• One note regarding multi-boot computers: if you have several operating systems installed on a computer, you generally need to backup and restore all bootable partitions at the same time. If you don't do so, your computer may fail to boot after a restore.
    I'm not on the WHS team, I just post a lot. :)
    Monday, November 9, 2009 5:39 PM
    Moderator
  • I also posted this on another thread, but it applies here as well (and its just easier to copy/paste it here again rather than link to the other):

    I've just gone through a similar scenario:

    Staring point:
    Windows XP installed on main partition

    Mid point:
    Windows 7 added as dual boot (though, used Boot to VHD feature of Ultimate)

    Desired end point was:
    Windows 7 restored as only OS on main partition

    I had backed up the entire machine to WHS as XP only.
    I had backed up only the Win 7 drive to WHS after getting to dual boot.

    Problem I had was this:
    After restoring the Win 7 backup to the primary partition, I was left without a boot loader.

    The reason that happened (and could NOT be fixed by the Win 7 recovery feature), is that the original partition never had any boot info on it (it was all on the primary partition).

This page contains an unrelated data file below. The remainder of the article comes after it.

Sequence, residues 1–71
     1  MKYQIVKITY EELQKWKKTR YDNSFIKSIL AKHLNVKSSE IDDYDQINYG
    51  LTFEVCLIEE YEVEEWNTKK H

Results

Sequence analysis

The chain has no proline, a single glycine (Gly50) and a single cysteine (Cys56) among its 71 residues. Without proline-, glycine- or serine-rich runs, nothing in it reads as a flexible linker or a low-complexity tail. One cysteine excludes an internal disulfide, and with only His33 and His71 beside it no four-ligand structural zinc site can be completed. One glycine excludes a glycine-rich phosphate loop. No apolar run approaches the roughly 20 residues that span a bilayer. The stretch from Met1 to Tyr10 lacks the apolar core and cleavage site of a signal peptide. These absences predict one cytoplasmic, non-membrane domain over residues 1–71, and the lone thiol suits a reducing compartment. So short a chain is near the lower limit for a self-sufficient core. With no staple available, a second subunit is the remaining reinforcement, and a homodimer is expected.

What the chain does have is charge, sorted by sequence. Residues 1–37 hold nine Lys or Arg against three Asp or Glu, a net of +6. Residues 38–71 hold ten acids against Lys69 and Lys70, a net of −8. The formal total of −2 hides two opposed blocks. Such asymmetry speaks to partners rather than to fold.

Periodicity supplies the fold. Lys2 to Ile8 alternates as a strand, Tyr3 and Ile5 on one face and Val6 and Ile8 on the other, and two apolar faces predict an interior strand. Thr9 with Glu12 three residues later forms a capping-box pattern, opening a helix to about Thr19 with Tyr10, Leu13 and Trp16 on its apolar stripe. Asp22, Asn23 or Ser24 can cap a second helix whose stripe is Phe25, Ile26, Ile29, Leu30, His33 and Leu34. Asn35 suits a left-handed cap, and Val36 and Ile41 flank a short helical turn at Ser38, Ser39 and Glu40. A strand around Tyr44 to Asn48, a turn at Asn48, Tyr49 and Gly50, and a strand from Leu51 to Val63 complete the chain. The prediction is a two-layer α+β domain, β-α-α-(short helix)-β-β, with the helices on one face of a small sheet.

I was able to fix it by copying bootmgr over (yes, it didn't exist after the restore), as well as a boot.ini that was properly set up.

    After that -- things were great!

    Except, be sure to reboot the machine *prior* to making the backup that you'll want to restore, or else any registry settings that were modified since the last startup won't be saved in the backup and you'll have to make those changes again.

    Cheers
    Mike
    Tuesday, December 1, 2009 9:40 PM
  • boot.ini is not used by Windows 7. You need bootmgr and the /boot folder.
    Wednesday, December 2, 2009 2:30 PM